Projects in limbo as another SA builder goes under


December 11, 2018 19:15:35

As the nation’s housing market downturn continues, South Australia’s peak body for home building is pushing for greater security for the industry following the collapse of two local businesses this week.

Key points:

  • The Master Builders Association of SA is calling for an overhaul of the housing market
  • Several building companies have gone into administration in SA since 2015
  • Other states have introduced schemes to help people into homes

OAS Group, based in Beverley in Adelaide’s west, went under this week, days after custom home builder Platinum Fine Homes announced it had entered voluntary administration.

Civil engineering firm York Civil and Dowling Homes also went into liquidation this year and followed several other construction companies which had closed their doors since 2015.

Master Builders CEO Ian Markos said local companies would continue to suffer unless the housing market was overhauled.

“This goes right through a community,” Mr Markos said.

“You’ve had people who’ve worked their life to build a business and they’ve put everything they have into that and they obviously lose it.

“Their employees become unemployed. You have a range of subcontractors that are potentially owed money and may not get paid.

“This has a ripple effect through the whole economy.”

Continued downturn and soft economy blamed for collapse

Clifton Hall was appointed liquidator of OAS Group last week and told the ABC the company was the victim of a “tough market”.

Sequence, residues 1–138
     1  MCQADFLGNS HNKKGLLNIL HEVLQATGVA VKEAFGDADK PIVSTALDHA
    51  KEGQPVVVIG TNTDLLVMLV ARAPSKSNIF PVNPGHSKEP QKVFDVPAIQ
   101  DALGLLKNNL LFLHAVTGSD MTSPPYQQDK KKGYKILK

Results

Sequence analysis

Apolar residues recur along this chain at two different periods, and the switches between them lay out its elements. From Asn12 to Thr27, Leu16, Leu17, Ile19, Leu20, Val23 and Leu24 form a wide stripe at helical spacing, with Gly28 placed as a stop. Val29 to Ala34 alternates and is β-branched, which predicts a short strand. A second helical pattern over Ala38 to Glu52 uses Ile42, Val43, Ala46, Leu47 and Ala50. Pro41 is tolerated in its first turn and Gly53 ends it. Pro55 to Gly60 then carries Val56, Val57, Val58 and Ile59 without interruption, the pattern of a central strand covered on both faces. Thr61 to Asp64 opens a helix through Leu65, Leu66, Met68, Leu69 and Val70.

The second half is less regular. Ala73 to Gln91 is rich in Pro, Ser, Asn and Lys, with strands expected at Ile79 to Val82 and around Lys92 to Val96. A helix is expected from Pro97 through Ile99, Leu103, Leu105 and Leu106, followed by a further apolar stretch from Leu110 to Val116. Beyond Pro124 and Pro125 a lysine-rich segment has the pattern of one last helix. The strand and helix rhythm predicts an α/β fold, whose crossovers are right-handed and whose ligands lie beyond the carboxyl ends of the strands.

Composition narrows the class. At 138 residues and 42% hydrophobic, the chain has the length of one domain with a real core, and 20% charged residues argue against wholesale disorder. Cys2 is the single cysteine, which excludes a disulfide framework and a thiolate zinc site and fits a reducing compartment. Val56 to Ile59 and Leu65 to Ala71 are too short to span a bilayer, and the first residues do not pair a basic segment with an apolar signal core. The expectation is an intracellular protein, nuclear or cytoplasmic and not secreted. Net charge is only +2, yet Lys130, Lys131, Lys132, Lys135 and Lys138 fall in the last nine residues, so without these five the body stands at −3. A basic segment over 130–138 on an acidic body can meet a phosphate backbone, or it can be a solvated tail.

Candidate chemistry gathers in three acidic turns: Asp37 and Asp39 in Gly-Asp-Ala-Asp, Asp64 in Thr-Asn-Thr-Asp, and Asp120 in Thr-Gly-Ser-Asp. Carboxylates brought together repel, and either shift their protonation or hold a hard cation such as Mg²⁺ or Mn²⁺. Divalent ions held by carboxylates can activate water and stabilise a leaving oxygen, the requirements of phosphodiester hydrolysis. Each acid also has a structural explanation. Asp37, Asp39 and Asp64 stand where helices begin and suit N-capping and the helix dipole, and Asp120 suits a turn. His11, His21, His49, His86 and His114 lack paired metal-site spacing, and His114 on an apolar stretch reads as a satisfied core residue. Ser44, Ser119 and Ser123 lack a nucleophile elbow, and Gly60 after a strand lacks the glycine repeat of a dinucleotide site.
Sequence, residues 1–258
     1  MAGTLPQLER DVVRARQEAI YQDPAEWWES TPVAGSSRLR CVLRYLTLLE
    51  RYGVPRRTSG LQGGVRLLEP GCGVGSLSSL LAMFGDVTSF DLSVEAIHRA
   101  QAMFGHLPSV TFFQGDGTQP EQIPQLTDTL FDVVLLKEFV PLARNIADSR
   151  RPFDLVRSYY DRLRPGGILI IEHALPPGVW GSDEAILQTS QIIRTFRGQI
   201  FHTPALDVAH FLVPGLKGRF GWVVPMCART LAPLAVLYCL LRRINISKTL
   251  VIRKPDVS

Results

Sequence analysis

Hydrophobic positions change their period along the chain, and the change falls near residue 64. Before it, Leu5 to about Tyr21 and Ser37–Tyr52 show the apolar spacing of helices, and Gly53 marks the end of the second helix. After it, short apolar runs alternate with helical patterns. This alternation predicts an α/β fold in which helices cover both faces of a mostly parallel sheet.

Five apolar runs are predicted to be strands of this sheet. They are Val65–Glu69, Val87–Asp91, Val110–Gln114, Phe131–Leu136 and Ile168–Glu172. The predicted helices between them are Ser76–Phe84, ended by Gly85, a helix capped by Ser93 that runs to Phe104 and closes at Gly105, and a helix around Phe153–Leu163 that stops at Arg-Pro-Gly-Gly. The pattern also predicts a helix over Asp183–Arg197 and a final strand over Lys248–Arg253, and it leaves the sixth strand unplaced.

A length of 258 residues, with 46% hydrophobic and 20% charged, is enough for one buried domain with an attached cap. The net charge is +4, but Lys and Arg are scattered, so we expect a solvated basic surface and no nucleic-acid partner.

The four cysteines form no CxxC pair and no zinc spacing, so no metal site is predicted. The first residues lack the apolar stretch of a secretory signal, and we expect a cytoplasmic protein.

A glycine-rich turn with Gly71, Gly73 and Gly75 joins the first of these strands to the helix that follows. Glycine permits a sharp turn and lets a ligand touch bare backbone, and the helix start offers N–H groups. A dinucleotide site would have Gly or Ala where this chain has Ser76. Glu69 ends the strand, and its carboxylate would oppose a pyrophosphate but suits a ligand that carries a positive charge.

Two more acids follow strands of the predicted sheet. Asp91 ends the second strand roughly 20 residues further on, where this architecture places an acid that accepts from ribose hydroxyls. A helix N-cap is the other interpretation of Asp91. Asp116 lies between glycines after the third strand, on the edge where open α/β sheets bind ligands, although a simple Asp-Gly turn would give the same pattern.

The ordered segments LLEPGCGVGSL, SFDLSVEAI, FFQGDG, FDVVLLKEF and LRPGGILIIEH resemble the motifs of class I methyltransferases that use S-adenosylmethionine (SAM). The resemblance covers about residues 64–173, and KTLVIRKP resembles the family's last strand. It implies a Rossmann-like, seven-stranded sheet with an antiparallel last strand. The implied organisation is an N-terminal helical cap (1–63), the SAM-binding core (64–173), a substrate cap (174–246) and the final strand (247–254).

It said around 40 homes remained half-built, but that home owners should be covered by building indemnity insurance.

In a statement issued by the liquidator, OAS directors said its demise was caused by the continued downturn in the housing industry, increased competition, and low margins.

The State Opposition said a “soft” economy was to blame for the collapse of local building companies.

Shadow Treasurer Stephen Mullighan said the Government should bring forward its planned payroll tax cuts to alleviate pressure on the building industry.

“We need to stimulate this industry, we need to get more houses being built in South Australia,” he said.

“The Government needs to be looking at how they can better support the housing industry.”

Reviving the housing market

Mr Markos said a variety of factors were impacting the local building industry and that South Australia could learn from solutions implemented interstate.

“You don’t need companies to fail to see the economic environment and where the pressure points on the industry are coming from,” Mr Markos said.

“But you need to look at how other states have managed it and how they’ve turned the situation away.”

In Queensland, the State Government removed the requirement for the mandatory installation of rainwater tanks at new homes, and both Victoria and New South Wales introduced stamp duty exemptions for first home buyers.

He said both initiatives were included in Master Builders’ ‘Make Housing Great Again’ plan.

“It gives an injection in the arm of the building industry in those states, but importantly it’s put a lot of people into their first home,” he said.

The document also outlined a boost to the First Home Owners’ Grant and a Productivity Commission review of land and property taxes and charges.

He said the State Government has been provided the plan for consideration.

“There’s enough evidence now that indicates there’s a problem,” he said.

“That’s what the public is concerned about — they want an affordable house.”

The ABC has contacted the State Government for comment.







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